Maybe if we called it "2B2F," it would have been more popular. But lacking the street cred of a cool nickname, the idea "too big to fail" is beginning to lose popularity in America.
Just a few days ago, former Citigroup (C) CEO Sandy Weill -- architect of the 1999 repeal of the Glass-Steagall Act -- publicly voiced the opinion that certain banks needed to be broken up. As we've all seen in recent years, the merger of commercial banks with investment banks to form 2B2F megabanks was fraught with peril. A few bad trades and -- poof! -- suddenly the deposits of ordinary investors were at risk.
Weill's solution: "They [should] be broken up so that the taxpayer will never be at risk, the depositors won't be at risk."
That's kind of funny, coming from the guy who helped to create the risk in the first place. But according to Weill, things have gotten out of hand. It's time to "split up investment banking from banking, have banks be deposit takers, have banks make commercial loans and real estate loans, have banks do something ... that's not 'too big to fail.'"
It's an idea that's starting to gain currency on Wall Street.
The Tide Turns
Just listen to what some people on the Street are saying:
Richard Kovacevich, former CEO of Wells Fargo (WFC): "Investment banks ... and commercial banks ... become risky when there is a large proprietary trading. ... This is the activity in which danger lurks, and it should be strictly limited and regulated. We should not put our economy at risk again."
Thomas Michaud, current CEO of Keefe Bruyette & Woods: Citi, Bank of America (BAC), JPMorgan (JPM), and Wells "are the biggest banks in the nation and I think that's unsustainable. Either the banks' performance has to get better or ... they're going to have to" break up the banks.
Mike Mayo, analyst at CLSA: "This is not a tough call. If you break up the big banks ... I think investors would be huge winners."
Philip Purcell: former Morgan Stanley (MS) CEO: "From a shareholder point of view, it's crystal-clear these enterprises are worth more broken up than they are together."
Sheila Bair, former FDIC chairwoman: "At the beginning of the year ... [Citigroup] was trading at 58% of tangible book value, while BofA was trading at 48%. If Citi and BofA were broken up into smaller institutions ... their shareholders would see $270 billion in appreciation."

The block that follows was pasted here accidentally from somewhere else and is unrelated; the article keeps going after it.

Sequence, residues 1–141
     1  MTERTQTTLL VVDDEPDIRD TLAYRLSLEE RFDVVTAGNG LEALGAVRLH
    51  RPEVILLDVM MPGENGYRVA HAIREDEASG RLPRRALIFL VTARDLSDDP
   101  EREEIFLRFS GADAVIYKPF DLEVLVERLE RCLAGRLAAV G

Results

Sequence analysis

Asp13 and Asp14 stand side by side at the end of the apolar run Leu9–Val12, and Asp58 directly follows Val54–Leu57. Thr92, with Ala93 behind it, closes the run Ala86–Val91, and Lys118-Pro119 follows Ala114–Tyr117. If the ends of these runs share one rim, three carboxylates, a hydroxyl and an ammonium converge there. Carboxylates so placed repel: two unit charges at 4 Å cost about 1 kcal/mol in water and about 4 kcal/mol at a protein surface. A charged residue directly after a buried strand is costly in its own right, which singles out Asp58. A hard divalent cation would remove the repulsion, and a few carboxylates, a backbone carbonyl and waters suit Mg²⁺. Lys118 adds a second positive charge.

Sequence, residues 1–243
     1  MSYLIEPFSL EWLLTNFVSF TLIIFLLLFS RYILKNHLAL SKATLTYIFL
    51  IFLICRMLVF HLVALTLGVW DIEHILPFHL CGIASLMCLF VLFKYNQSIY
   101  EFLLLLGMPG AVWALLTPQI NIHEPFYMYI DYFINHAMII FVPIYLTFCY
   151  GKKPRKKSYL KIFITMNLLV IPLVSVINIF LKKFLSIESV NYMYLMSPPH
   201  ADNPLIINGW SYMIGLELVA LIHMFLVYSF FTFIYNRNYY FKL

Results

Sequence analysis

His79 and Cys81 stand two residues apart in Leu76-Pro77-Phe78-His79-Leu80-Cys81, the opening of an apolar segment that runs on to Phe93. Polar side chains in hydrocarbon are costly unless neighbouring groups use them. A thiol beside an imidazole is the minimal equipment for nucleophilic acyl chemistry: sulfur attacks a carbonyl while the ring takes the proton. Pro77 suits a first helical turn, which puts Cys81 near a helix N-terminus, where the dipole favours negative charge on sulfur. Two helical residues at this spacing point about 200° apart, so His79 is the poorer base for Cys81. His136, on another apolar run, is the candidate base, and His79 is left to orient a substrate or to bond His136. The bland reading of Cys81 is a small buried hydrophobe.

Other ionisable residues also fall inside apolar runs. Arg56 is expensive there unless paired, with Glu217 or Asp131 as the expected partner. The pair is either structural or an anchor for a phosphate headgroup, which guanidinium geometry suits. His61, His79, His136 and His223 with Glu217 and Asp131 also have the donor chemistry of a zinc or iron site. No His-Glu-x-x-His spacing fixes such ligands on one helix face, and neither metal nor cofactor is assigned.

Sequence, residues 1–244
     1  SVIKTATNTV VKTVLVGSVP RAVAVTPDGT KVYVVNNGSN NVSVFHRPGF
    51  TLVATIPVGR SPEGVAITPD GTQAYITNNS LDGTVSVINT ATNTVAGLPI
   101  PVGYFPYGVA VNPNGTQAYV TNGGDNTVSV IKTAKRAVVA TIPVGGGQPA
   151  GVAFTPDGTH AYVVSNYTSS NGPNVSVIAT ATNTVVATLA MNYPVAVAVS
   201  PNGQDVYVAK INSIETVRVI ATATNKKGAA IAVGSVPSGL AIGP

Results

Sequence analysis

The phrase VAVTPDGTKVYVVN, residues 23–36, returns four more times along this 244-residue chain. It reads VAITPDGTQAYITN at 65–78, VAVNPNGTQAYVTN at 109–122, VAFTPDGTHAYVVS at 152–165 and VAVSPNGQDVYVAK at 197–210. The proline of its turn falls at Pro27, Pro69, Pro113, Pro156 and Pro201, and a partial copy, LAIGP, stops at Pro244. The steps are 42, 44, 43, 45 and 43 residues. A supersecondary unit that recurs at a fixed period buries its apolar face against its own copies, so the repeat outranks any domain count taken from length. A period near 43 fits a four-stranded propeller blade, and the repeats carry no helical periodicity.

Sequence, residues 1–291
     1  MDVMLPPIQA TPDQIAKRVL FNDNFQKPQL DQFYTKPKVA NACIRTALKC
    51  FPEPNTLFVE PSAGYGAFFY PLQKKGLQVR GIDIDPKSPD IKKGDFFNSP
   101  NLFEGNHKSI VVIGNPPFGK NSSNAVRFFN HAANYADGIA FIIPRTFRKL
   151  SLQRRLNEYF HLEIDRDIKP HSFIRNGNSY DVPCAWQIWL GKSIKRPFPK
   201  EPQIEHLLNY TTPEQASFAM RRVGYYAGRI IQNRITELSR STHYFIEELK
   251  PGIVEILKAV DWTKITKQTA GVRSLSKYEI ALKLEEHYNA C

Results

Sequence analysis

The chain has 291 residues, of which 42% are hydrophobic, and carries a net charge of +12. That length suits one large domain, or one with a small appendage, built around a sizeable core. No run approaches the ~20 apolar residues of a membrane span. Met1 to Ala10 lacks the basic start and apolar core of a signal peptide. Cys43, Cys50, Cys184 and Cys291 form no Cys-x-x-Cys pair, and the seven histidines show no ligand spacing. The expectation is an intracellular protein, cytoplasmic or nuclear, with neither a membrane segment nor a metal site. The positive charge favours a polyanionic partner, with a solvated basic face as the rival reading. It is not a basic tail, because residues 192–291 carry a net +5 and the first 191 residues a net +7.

'Too Big' is 'Just Right'
That's some serious moola Bair is talking about. The kind of money that makes even folks who oppose the idea give it serious consideration.
The Wall Street Journal says that in 2010 and 2011, Bank of America executives considered breaking up their own empire... before ultimately deciding against it. And even some folks like Wells Fargo's Kovacevich (who, believe it or not, actually argues against breaking up the banks) admit there's danger inherent in "too big to fail."
As for banking executives who insist that "too big" is "just right," their arguments generally parrot those of JPMorgan CEO Jamie Dimon: "Size matters. The diversity of JPMorgan and the size of it is what gives it its strength." To Dimon's way of thinking, it wasn't the megabanks that got in trouble during the last crisis. It was the "smaller" banks that were "less diversified" that failed.
When You're Right, You're Right ... Except When You're Also Wrong
He's right about that. According to FDIC, 92 banks failed last year. True, most of these were small fry. Tiny banks you've probably never heard of. Banks with names like Badger State Bank, the aspirational Park Avenue Bank, and Superior Bank of Birmingham (which turned out to be anything but).
In 2010, 157 more banks died a quiet death -- RockBridge Commercial, American Marine, and Appalachian Community Bank.
A year before that, the tally was 140. Banks with names like Ocala National, Great Basin Bank, and -- I kid you not -- Corn Belt Bank & Trust.
The Safest Banks You Can Trust
Bankers Agree: 'Too Big to Fail' Has Failed
BOK (BOKF) is the smallest bank on the list with a $3.8 billion market value and $26 billion in assets. The bank holding company is based in Tulsa, Okla., but its branches operated under several names in other states: Bank of Albuquerque, Bank of Arizona, Bank of Arkansas, Bank of Kansas City, Bank of Oklahoma, Bank of Texas and Colorado State Bank and Trust. BOK is worth about 12.5 times earnings and is valued at 1.3 times book value. The return on equity is 11%, and it offers a 2.7% dividend yield to the common holders. Shares are trading around $56.00, and Wall Street analysts have a target above $59.00.